Related Post: A National Geographic Photographer’s Tips for Capturing Cuba

The rivers that wash down from the Cordillera de Guaniguanico slow almost to a standstill and meander across the southern plains of Pinar, losing themselves amid swampy marshlands drained by watery sloughs. Brawny humpbacked cattle grazed knee-deep in the flooded meadows. If there was a road in Cuba, I took it. The road south to the Maspotón hunting and fishing reserve was a scrambler trail with deep-gouged ruts brimming over with a bouillabaisse of blood-red mud. The farmland gave way to lagoons and tan carpets of sedge and copses of stunted woodland that floated like rafts in the water. (Except for the white-sand beaches around Trinidad and Playa Girón, almost the entirety of Cuba’s southern shore is marshland.)

Related Post: Part II: 7,008 Miles on a Motorcycle Through Cuba

I then followed the old Carretera Central east through dusty colonial towns that speckle the relatively prosperous farmland south of Havana. (However, all roads led to the capital, like spokes on a wheel. Trying to navigate directly east through the region in those pre-Google Map days was akin to threading a maze.) The area is the breadbasket of the nation, with fertile soils given to producing tomatoes, avocados, and cabbage. Modest mid-century bungalows splashed with fresh paint stood in counterpoint to Pinar’s rustic bohíos. Most had garages, too, from which ’50s yanqui classic cars poked their curvaceous rear ends.

“If you hit a log, just keep going,” said Don Pedro, smirking gleefully. “It could be a crocodile!”

Eventually I connected to the Autopista Nacional, Cuba’s sole freeway. This concrete eight-laner runs from Pinar to Sancti Spíritus for 350 miles. Flat as a carpenter’s level, and with fuel is short supply, it had only the occasional mule-drawn cart or stray cow to contend with.

At Jagüey Grande I overnighted in a rustic farmstead “hotel” called Bohío Don Pedro. Then I turned south for the Zapata Swamp, a 4,230-square-kilometer morass —the largest wetland ecosystem in the Caribbean— that is also Cuba’s largest wildlife reserve.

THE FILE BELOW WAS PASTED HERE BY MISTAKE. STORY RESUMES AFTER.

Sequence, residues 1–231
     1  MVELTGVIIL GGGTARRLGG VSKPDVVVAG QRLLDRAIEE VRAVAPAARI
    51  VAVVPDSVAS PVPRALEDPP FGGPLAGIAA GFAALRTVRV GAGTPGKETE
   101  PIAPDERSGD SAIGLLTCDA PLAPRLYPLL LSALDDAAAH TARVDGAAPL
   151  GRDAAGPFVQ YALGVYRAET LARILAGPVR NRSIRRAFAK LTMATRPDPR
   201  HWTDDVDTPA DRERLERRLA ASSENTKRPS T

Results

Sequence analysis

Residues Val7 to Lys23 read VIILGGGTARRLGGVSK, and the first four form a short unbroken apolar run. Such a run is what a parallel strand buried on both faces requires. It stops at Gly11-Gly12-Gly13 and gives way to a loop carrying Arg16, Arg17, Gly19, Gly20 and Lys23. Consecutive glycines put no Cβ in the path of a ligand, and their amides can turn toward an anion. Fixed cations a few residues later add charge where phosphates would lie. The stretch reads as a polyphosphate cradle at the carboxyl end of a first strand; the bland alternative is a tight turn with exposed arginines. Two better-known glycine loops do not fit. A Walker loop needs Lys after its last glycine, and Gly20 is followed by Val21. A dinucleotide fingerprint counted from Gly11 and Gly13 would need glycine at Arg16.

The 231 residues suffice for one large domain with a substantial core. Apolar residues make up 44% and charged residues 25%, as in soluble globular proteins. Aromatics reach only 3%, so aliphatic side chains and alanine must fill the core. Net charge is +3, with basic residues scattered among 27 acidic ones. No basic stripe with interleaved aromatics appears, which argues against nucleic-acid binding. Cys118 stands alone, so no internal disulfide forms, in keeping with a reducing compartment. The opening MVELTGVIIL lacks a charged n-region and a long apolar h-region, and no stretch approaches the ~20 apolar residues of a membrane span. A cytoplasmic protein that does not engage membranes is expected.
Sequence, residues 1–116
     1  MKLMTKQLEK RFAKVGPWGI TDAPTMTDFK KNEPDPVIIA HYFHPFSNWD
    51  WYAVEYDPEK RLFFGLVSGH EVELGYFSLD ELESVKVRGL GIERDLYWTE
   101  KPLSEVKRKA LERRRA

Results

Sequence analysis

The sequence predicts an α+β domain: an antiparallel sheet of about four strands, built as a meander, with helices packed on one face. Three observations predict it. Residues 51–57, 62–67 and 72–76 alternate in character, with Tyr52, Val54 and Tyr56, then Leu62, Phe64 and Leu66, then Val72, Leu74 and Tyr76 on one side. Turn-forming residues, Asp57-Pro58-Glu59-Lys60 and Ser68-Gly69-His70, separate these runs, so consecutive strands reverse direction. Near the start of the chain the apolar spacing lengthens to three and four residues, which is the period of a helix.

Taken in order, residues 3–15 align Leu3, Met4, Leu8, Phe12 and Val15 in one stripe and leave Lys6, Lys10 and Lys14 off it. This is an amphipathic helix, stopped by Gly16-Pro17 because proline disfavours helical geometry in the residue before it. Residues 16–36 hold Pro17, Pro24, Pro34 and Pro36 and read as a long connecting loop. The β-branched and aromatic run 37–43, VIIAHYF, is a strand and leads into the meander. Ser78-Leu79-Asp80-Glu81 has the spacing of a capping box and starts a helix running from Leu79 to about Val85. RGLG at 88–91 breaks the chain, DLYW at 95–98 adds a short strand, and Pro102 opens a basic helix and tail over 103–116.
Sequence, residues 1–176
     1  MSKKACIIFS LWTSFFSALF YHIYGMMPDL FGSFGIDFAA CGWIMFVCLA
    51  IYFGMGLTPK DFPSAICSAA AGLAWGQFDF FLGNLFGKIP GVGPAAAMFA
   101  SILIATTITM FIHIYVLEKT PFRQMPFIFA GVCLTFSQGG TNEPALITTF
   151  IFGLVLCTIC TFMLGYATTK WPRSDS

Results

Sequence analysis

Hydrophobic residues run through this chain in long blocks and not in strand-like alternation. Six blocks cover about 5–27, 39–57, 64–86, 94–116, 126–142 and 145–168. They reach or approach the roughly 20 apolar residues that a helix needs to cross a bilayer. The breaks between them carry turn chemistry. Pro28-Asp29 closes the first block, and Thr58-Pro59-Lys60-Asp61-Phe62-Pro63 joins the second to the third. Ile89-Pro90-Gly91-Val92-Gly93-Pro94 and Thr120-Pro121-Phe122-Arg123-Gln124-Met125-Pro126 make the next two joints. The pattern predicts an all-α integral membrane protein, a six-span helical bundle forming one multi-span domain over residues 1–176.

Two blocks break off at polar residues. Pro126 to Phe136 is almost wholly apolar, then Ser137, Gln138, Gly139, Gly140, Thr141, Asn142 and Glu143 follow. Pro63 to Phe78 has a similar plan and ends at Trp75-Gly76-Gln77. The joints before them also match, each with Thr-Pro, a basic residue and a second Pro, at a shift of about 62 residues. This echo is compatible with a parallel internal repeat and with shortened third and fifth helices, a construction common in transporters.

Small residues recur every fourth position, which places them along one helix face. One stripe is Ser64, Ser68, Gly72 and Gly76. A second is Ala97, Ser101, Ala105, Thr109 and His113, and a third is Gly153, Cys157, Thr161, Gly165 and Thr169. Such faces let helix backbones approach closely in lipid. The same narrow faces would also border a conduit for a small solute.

“If you hit a log, just keep going,” said Don Pedro, smirking gleefully. “It could be a crocodile!”

Ox-drawn cart crossing Carretera Central; copyright Christopher P Baker.

The road ran south like a plumb line past endless miles of dark-green sawgrass and marshy reeds smothering the shoe-shaped Zapata Peninsula. I arrived at Playa Larga, a small fishing village tucked into the head of the twenty-kilometer-long Bay of Pigs (back then the thought that two decades later it would become a hip independent travelers’ hot-spot was laughable). Here, 1,297 heavily armed, CIA-trained Cuban exiles had come ashore in April 1961 to establish a beachhead and (equally laughable) incite a counterrevolution that would topple the Castro regime.
I had my own invasion to contend with.

Farther south came the crabs. The gravel road was strewn with crustaceans squashed flat by vehicles, like giant M&Ms crushed underfoot. Razor-sharp shards and pincers stuck up like broken bottles. The air stank of fetid crabmeat. Then a large black crab with terrifying red pincers ran across my path. Suddenly I was surrounded by a battalion of armored, surly crustaceans that turned to snap at my tires. I slalomed between them as they rose in the road with menacing claws held high. Then I hit one square on. POOF! It sounded like bubble wrap exploding.

Finally, I arrived at the spot where socialism and capitalism had squared off. Cuban families and Canadian package tourists slathered with suntan oil splashed about in the shallows. I gave one of the Cubans my camera and asked him to snap a shot of me and the bike in front of a huge billboard reading “PLAYA GIRÓN—THE FIRST ROUT OF IMPERIALISM IN LATIN AMERICA.” It was difficult with the sun beating down on the white beach to imagine that blood and bullets had mingled with the sand and the surf here thirty-five years before.  (Don’t miss Cuba by Motorcycle, Part II.)

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Autopista with no traffic, Cuba; copyright Christopher P Baker.

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Christopher P. Baker is hailed by National Geographic as “One of the world’s leading authorities on Cuba travel and culture.” He has won numerous awards, including the Lowell Thomas Award in 2008 for Travel Journalist of the Year. Christopher has made Cuba his professional calling for three decades, and has published seven travel books about Cuba including the Moon Cuba and National Geographic Traveler Cuba guidebooks, his award-winning literary travelog “Mi Moto Fidel: Motorcycling Through Castro’s Cuba,” plus his coffee-table book Cuba Classics: A Celebration of Vintage American Automobiles. His stories on Cuba have appeared in scores of publications, from BBC Travel and CNN Travel to National Geographic Traveler and even Penthouse. Chris has led more than 120 tours to Cuba for entities from the Children’s Cancer Foundation to National Geographic Expeditions and Santa Fe Photo Workshops, including on-going photography tours for Jim Cline Photo Tours and Lumaria Workshops. He has motorcycled through Cuba numerous times, and leads custom motorcycle tours for individuals and groups using BMWs and Harley-Davidsons. He promotes his work though his website: Fun fact: Christopher trips over himself in his attempts to dance salsa!